Just to add, citric acid is NOT vitamin C - that's a common misconception. Vitamin C, a water-soluble antioxidant, is actually known as ascorbic acid and is often found with, but is not the same as, citric acid, one of the dominant acids in citrus fruits.
In relation to stomach acids, the pH of the stomach is usually around 2. It provides a chemical barrier against food-bourne infection but, as highlighted by Jason (above), this line of defence is not perfect and bugs can slip through the net. Moreover, some bacteria and viruses are specifically adapted to tolerate highly acidic conditions and use to their advantage the relative protection that it offers. For example, rather like some plants that depend on fire to germinate their seeds, some viruses (like rotaviruses which cause food poisoning) rely on the harsh environment of the stomach to partially digest the outer coat of the virus to make it infectious. And Helicobacter pylori, which causes ulcers and gastric cancer, secretes a metaphorical suit of armour in the form of a thick protective alkaline mucus that keeps out the stomach acid.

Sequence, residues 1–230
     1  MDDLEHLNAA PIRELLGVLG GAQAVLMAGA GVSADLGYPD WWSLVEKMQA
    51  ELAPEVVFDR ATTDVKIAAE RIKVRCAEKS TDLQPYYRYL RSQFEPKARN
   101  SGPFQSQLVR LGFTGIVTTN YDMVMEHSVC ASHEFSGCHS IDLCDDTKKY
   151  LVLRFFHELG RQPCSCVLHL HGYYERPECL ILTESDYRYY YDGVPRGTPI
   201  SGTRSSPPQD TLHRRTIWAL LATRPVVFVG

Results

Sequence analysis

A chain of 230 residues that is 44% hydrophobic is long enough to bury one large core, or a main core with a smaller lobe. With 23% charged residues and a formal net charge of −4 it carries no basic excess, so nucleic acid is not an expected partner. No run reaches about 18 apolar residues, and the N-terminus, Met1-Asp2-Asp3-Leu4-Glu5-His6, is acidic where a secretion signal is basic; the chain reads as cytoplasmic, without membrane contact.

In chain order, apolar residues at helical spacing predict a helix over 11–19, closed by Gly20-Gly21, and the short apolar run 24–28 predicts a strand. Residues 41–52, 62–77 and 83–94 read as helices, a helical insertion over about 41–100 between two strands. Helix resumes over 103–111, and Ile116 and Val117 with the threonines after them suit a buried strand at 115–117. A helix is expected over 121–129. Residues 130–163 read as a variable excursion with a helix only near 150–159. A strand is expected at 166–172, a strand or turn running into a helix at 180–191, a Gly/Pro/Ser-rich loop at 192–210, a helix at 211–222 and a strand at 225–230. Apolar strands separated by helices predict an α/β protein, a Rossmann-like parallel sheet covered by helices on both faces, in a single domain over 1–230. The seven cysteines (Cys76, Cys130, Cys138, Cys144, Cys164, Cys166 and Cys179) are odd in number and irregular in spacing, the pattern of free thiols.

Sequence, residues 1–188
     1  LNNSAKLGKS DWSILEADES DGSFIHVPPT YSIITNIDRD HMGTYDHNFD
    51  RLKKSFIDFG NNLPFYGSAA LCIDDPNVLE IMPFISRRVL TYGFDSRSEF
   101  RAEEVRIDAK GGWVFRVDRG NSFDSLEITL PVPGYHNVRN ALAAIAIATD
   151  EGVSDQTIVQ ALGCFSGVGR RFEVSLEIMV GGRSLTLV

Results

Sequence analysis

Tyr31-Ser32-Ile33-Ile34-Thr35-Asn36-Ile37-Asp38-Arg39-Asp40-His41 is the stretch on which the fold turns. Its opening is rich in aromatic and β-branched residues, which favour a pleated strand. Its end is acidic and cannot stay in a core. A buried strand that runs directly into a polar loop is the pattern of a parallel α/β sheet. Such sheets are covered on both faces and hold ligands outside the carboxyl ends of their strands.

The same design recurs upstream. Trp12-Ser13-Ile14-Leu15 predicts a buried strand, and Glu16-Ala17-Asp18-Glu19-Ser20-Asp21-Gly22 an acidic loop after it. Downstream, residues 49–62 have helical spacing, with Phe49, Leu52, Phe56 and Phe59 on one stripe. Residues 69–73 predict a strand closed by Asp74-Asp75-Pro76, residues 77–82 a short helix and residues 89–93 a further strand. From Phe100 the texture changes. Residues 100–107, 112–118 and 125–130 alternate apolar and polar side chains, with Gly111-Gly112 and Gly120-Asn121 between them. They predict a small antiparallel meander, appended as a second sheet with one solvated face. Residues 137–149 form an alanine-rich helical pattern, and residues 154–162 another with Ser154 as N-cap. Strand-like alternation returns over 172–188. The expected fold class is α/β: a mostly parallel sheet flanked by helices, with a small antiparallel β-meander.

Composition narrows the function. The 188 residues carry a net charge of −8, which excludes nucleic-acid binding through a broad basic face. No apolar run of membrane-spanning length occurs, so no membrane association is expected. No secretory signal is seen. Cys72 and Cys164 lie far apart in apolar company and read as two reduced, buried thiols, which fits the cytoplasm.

"I never forget a face, but in your case I'll make an exception"
- Groucho Marx